Although the series is set in India, I feel Gangs of Wasseypur would clearly fit in with American shows about crime, corruption, and violence. The Khans climb to power and eventually let that power get to their heads and pay the price for that power corruption along with the consequences of mingling with dangerous criminals like Ramadhir Singh and the Qureshis. The characters swear and use slang, use guns to control and intimidate people, and get lured by the lifestyle of money and power. Although they wear traditional clothing and eat traditional food, they also live in an urbanized, globalized world in which they watch movies at the theaters, ride motorcycles, wear westernized clothing, and more.
The India shown here differs from the India shown in movies like Mirch Masala and Gandhi. In those movies, Gandhi emphasizes the importance of relying on Indian goods instead of British goods, and the simplicity of the villagers in Mirch Masala are strongly contested with the extravagance and new technology of the British backed subedar. Also, in both those movies, unity is stressed, whether it is Gandhi advocating for all Indians to stick together regardless of caste or religion or the united women or the village as a whole against the subedar. In Gangs of Wasseypur, the new (and usually foreign) is viewed as better than the old like when Faizal Khan decides to get a pager to better communicate or when Sultan tells Ramadhir Singh he and his men need guns to be able to fight back against the Khans because blades aren’t good enough anymore. Because new technology becomes used to aid the gangs in their crimes, it becomes tinged with corruption and implies that new technology only worsens Wasseypur and Dhanbad. Also, there is little to no unity among Indians. Faizal’s father gets killed because he trusted Fazlu, who he believed was his friend, and later he tells his mother you cannot trust anyone. This proves true when Faizal gets killed by his own brother, Definite, who he trusted not to betray him. Ramadhir Singh gets betrayed by his son, J.P., who orchestrated his death by making a deal with Definite, the man Ramadhir supported throughout childhood, behind his back. The alliance between the Singhs and Qureshis gets broken even though the two originally united to fight a common enemy. Nagma and Nasir are loyal to the Khan family, specifically Sardar, and both suffer for their loyalty: Sardar cheats on and abandons Nagma and their children, and Nasir has to watch all of this family die while being helpless to do anything.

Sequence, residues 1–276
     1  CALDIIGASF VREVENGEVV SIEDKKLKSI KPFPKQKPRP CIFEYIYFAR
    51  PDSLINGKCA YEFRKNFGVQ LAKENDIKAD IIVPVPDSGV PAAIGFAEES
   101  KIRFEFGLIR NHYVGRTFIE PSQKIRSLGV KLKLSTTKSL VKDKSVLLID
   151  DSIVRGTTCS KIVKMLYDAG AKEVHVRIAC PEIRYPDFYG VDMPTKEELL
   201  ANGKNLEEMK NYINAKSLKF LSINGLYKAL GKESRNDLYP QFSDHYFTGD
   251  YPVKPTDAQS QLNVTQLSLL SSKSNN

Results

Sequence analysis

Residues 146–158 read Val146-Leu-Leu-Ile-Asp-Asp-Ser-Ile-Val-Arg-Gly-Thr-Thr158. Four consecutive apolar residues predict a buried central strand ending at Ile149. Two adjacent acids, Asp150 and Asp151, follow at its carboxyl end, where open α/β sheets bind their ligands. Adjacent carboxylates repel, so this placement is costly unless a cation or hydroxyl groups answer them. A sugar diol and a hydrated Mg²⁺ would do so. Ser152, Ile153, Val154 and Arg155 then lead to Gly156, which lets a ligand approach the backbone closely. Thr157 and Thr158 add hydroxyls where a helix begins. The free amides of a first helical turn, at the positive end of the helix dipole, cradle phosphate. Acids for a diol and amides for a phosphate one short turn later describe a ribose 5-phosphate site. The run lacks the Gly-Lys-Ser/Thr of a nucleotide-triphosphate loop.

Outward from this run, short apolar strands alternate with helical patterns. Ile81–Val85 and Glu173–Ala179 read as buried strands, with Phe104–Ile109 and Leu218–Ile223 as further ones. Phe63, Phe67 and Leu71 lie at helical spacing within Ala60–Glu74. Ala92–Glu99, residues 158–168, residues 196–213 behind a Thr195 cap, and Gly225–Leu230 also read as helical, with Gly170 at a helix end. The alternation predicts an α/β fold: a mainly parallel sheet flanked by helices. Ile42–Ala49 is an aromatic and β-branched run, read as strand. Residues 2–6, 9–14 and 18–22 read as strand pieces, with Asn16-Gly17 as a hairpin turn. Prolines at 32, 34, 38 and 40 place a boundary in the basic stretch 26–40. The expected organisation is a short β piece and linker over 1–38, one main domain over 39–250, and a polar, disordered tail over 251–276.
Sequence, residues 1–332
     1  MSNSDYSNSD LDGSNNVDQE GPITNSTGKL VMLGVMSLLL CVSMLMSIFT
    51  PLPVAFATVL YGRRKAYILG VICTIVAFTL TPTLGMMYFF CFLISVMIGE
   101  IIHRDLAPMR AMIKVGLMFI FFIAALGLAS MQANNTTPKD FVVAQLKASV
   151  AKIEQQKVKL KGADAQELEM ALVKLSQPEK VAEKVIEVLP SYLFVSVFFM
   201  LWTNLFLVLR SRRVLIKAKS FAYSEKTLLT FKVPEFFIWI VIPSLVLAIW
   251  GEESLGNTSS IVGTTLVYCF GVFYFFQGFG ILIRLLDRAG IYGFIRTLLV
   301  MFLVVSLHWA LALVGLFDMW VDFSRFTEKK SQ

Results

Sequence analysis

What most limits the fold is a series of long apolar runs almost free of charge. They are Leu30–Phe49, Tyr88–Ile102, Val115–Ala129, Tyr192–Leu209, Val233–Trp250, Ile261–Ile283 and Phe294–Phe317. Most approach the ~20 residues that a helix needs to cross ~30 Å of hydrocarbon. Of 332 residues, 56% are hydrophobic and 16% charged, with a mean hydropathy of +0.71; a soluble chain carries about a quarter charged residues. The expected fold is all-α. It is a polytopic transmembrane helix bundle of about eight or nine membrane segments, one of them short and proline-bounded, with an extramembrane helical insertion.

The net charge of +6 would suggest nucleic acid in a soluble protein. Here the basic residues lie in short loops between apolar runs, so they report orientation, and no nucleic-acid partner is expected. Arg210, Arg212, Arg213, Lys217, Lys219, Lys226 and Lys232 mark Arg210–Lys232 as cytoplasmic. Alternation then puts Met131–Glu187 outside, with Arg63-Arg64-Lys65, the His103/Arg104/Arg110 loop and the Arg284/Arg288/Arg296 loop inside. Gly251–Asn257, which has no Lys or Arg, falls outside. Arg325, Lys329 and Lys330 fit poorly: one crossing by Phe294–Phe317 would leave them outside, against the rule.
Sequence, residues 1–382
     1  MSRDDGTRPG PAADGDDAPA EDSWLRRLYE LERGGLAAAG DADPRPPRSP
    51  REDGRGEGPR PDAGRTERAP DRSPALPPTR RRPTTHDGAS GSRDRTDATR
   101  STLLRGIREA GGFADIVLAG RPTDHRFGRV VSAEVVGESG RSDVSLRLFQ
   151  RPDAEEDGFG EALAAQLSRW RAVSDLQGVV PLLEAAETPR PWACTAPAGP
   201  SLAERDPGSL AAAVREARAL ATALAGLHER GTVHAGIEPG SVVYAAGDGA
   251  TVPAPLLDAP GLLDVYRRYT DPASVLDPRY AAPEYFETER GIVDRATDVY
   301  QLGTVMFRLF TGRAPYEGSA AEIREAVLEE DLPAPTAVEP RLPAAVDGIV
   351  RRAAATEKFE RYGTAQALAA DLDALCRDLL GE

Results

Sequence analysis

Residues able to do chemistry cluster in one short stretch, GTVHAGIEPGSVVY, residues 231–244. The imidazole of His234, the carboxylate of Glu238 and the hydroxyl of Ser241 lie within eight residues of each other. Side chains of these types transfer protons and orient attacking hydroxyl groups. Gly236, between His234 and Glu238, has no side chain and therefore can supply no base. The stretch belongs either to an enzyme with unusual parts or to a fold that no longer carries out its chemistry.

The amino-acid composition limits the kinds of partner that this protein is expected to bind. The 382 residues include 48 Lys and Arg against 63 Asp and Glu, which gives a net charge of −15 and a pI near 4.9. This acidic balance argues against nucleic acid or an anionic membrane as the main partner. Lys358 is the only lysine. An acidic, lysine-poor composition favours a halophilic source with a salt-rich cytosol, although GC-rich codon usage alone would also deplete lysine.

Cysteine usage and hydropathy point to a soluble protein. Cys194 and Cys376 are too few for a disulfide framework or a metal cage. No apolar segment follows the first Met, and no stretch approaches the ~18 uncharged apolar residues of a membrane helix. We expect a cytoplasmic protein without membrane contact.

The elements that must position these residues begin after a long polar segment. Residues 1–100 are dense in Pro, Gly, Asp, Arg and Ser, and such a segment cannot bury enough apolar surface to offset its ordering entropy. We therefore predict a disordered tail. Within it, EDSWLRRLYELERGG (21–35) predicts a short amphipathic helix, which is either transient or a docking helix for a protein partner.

The India shown here shows a darker, grittier, and more pessimistic side. Nationalism doesn’t show up, and even the values of faith do not compel good even though most of the characters are Muslim.